deploying the fusion implant in the joint so that the substantially rectangular body is disposed between the opposing bones of the joint, with the upper stabilizer projecting into one bone of the joint and the lower stabilizer projecting into bone of the joint; and
maintaining the fusion implant in this position while fusion occurs.
41. A fusion implant comprising:
a body having a distal end and a proximal end, and a first surface and a second surface, the first surface and the second surface facing in different directions; and
at least one stabilizer extending away from the body;
wherein (i) the distance between the distal end of the body and the proximal end of the body is long enough to span the distance between opposing cortical portions of a bone and short enough to not extend substantially beyond the bone, and (ii) the distance between the first surface of the body and the second surface of the body is substantially the same as the gap between opposing bones in a joint.
42. A method for fusing a joint, the method comprising the steps of:
providing a fusion implant comprising:
a body having a distal end and a proximal end, and a first surface and a second surface, the first surface and the second surface facing in different directions; and
at least one stabilizer extending away from the body;
wherein (i) the distance between the distal end of the body and the proximal end of the body is long enough to span the distance between opposing cortical portions of a bone and short enough to not extend substantially beyond the bone, and (ii) the distance between the first surface of the body and the second surface of the body is substantially the same as the gap between opposing bones in a joint;
deploying the fusion implant in the joint so that the body is disposed between the opposing bones of the joint, with the at least one stabilizer projecting into one bone of the joint; and
maintaining the fusion implant in this position while fusion occurs.
Description
    REFERENCE TO PENDING PRIOR PATENT APPLICATION
  • [0001]
    This patent application claims benefit of pending prior U.S. Provisional Patent Application Ser. No. 61/174,975, filed May 1, 2009 by Danny Wayne Grayson for METHOD AND APPARATUS FOR SPINAL INTERBODY FUSION (Attorney's Docket No. VG-3 PROV), which patent application is hereby incorporated herein by reference.
  • FIELD OF THE INVENTION
  • [0002]
    This invention relates to surgical methods and apparatus in general, and more particularly to surgical methods and apparatus for fusing spinal vertebral bodies.
  • BACKGROUND OF THE INVENTION
  • [0003]
    Disc herniation is a condition in which a spinal disc bulges from between two vertebral bodies and impinges on adjacent nerves, thereby causing pain. In some cases, non-operative procedures (including bed rest, medication, lifestyle modifications, exercise, physical therapy, chiropractic care and steroid injections) may be satisfactory treatment. However, in other cases, surgical intervention may be necessary. In cases where surgical intervention is prescribed, spinal vertebral body fusion may be desirable.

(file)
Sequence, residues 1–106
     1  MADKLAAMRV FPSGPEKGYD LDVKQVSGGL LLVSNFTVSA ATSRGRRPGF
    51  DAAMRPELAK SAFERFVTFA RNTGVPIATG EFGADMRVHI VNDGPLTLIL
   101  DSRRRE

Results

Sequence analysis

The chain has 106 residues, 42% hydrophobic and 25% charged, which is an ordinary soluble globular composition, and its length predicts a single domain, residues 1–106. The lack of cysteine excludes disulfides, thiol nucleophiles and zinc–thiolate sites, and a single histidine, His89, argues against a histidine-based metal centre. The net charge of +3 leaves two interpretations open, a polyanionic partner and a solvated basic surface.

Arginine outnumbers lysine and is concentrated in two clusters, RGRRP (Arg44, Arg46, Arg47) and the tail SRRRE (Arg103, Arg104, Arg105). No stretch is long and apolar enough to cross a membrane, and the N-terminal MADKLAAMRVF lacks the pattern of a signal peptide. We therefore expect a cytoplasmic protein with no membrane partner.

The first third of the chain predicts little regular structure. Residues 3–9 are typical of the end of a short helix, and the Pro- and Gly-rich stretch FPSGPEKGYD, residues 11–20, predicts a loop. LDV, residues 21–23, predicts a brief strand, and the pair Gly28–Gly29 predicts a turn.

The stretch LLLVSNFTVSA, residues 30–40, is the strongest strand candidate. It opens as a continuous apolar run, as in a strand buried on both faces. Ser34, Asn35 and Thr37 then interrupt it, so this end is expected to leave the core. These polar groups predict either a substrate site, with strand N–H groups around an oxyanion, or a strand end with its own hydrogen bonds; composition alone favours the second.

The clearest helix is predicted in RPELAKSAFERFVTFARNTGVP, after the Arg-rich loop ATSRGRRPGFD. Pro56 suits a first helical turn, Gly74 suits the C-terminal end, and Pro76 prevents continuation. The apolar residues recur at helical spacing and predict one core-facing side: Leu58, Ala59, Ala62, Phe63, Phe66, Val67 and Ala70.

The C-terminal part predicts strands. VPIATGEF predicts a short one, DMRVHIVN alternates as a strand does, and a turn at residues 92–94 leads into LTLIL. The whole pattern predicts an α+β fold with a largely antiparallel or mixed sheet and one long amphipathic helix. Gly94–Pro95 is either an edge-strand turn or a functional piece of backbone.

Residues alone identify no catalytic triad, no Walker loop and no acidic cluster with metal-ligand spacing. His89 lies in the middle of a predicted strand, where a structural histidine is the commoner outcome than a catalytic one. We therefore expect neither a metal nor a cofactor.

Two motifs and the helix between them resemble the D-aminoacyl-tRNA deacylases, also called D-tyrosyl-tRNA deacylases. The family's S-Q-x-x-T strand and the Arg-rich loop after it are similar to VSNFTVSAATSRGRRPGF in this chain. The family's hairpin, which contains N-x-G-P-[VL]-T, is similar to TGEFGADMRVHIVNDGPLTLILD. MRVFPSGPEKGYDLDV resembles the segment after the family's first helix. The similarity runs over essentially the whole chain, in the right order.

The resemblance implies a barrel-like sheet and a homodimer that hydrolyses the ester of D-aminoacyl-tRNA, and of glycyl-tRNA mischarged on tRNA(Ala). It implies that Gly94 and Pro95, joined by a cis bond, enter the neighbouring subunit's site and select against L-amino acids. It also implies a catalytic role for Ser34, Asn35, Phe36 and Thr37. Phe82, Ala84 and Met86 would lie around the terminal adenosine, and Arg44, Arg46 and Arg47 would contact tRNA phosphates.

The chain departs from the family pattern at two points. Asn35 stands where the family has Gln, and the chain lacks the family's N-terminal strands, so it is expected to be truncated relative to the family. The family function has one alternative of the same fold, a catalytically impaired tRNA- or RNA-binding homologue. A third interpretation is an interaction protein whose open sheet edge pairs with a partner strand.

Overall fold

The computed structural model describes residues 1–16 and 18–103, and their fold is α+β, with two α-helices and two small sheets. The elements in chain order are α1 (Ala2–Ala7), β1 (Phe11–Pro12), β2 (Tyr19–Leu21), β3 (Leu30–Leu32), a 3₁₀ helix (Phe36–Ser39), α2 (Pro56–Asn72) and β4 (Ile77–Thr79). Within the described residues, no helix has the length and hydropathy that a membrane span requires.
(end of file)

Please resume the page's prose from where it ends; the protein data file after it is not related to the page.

• [0004]
    More particularly, the current standard of care for surgically treating disc herniation in patients who have chronic pain and who have (or who are likely to develop) associated spinal instability is spinal fixation. Spinal fixation procedures are intended to relieve the impingement on the nerves by removing the portion of the disc and/or bone responsible for compressing the neural structures and destabilizing the spine. The excised disc or bone is replaced with one or more intervertebral implants, or spacers, placed between the adjacent vertebral bodies. These implants stabilize the adjacent vertebral bodies relative to one another so that the two vertebral bodies can fuse together.
  • SUMMARY OF THE INVENTION
  • [0005]
    The present invention provides a novel method and apparatus for effecting spinal vertebral body fusion. More particularly, the present invention comprises the provision and use of a novel spinal fusion implant for disposition between adjacent vertebral bodies, whereby to immobilize the affected segment and facilitate fusion between the opposing vertebral bodies.
  • [0006]
    In one preferred form of the invention, there is provided a spinal fusion implant comprising:
  • [0007]
    a substantially rectangular body having a distal end and a proximal end, and an upper surface and a lower surface; and
  • [0008]
    an upper stabilizer extending upwardly from the upper surface of the substantially rectangular body, and a lower stabilizer extending downwardly from the lower surface of the substantially rectangular body;
  • [0009]
    wherein (i) the distance between the distal end of the substantially rectangular body and the proximal end of the substantially rectangular body is long enough to span the distance between opposing cortical portions of a vertebral body and short enough to not extend substantially beyond the vertebral body, and (ii) the distance between the upper surface of the substantially rectangular body and the lower surface of the substantially rectangular body is substantially the same as the gap between opposing vertebral bodies in a spinal joint.
  • [0010]
    In another preferred form of the invention, there is provided a method for fusing a spinal joint, the method comprising the steps of: